Dead Confederates, A Civil War Era Blog

Houston CWRT: Ed Bearss on Camden and Jenkins Ferry

Posted in Memory by Andy Hall on January 9, 2017

The Camden Expedition
and Battle of Jenkin’s Ferry, Arkansas

Edwin C. Bearss
Thursday, January 19
The Hess Club
5430 Westheimer Road at Westheimer Way
6 p.m. cash bar, 6:45 p.m., dinner, 7:30 program begins



Considered a part of the overall Red River Campaign in the spring of 1864, with the invasion of Texas by Union forces as one of the key objectives, the Arkansas portion of the campaign also is known as the Camden Expedition. It became a failed attempt by Union troops in Arkansas to converge on Shreveport and link up with General Banks’ forces advancing northward through Louisiana and then toward Texas. Maj. Gen. Frederick Steele’s Union forces retreated from Camden after being mauled in fierce engagements at Poison Spring and Marks’ Mills. On the afternoon of April 29, 1864 the Union troops reached Jenkins’ Ferry to begin crossing the Saline River, which was swollen by heavy rain. Gen. Edmund Kirby Smith’s Confederate army caught Steele’s men and launched a succession of Confederate attacks on April 30. Many of the soldiers (including Texans) had fought at the battle of Mansfield, Louisiana only 22 days earlier. The Federals repulsed the attacks and finally crossed with all their men and supply wagons, many of which they were compelled to abandon in the swamp north of the Saline. The Confederates missed the opportunity to destroy Steele’s army, which after crossing the river, regrouped to the north at Little Rock. Their failure at the Battle of Jenkins’ Ferry cost the Confederates any chance they may have had to capture the Union army or retake Little Rock.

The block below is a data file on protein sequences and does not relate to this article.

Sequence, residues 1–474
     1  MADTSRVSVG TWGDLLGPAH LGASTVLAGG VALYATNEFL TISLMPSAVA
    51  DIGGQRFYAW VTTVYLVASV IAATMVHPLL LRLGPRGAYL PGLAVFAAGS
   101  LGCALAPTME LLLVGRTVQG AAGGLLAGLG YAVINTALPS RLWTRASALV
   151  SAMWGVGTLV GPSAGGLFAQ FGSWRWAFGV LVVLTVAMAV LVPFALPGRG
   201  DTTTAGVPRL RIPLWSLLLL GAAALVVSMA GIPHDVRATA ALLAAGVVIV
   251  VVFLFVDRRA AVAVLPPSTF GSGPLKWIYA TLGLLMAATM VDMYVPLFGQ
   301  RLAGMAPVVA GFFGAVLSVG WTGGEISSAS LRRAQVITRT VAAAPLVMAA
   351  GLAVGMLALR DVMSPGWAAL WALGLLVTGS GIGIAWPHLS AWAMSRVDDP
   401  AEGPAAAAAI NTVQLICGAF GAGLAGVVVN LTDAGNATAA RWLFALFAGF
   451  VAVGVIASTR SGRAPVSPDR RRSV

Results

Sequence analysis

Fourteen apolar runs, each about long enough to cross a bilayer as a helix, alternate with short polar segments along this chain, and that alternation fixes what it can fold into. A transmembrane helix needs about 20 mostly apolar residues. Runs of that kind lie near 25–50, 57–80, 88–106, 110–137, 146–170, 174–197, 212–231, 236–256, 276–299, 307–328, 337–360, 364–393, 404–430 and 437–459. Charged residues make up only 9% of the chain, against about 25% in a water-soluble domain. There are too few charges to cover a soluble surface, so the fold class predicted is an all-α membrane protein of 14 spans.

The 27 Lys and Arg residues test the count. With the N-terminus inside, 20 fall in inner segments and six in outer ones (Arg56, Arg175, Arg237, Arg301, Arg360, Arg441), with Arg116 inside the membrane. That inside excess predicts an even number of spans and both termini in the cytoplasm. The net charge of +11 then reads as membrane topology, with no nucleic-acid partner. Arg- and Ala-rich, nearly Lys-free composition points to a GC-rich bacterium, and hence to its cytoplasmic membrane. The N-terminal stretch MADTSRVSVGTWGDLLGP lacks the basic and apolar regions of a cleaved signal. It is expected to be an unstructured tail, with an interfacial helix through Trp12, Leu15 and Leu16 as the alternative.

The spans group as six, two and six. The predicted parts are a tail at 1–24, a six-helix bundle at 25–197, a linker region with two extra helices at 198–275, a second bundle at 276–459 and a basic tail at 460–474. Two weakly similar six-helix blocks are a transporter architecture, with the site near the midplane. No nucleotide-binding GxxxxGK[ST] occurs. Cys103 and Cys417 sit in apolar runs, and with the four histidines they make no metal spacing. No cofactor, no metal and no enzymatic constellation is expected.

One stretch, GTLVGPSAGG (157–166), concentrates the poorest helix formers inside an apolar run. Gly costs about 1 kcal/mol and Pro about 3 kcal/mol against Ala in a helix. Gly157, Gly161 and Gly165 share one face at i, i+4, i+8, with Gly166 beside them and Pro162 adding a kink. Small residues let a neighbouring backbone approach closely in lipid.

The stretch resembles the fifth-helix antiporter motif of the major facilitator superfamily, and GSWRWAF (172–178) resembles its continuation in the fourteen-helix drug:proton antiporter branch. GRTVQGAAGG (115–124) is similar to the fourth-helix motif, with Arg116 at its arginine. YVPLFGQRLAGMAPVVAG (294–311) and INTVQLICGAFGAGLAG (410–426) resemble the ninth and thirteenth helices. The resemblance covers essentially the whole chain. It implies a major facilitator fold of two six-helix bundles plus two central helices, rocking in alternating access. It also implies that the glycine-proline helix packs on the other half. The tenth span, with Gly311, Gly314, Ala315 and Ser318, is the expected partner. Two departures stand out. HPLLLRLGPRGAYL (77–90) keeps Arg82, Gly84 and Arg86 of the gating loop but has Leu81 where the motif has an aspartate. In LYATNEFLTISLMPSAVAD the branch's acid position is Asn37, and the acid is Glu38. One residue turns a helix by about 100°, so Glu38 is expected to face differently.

Edwin C. Bearss authored the in-depth book documenting Steele’s part of the ill-fated Red River Campaign (Steele’s Retreat from Camden & The Battle of Jenkins’ Ferry). Ed Bearss will speak about the events and impact of this expedition and its final battle on the Trans-Mississippi theater and Texas.

Reservations required for both dinner ($30) and lecture only ($10)E-Mail Reservation is Preferred; Email Don Zuckero at, or call (281) four seven nine-one two three two by 5 p.m. Monday, January 16.


Photo by David Grubbs, Billings Gazette.




2 Responses

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  1. Craig L. said, on January 12, 2017 at 5:55 am

    One thing I’ve often wondered about the Battle of Jenkin’s Ferry is the effect of a heavy driving rain on the use of Civil War weaponry. My great great grandfather didn’t fight in this battle, but the unit he joined six months later, the 27th Wisconsin, did. Most of the men in that unit had been neighbors of his in Sheboygan County for about ten years and this engagement was the most significant combat they saw in their three year enlistment My understanding is that his unit and several others crossed the river once the attack began and took positions downstream on the opposite bank where they could fire from the flank of the advancing rebels without fear of being overrun.

    • Andy Hall said, on January 12, 2017 at 9:10 am

      That’s a great question, and I’ll ask if there’s an opportunity. I will also look and see if it’s discussed in some of my references.

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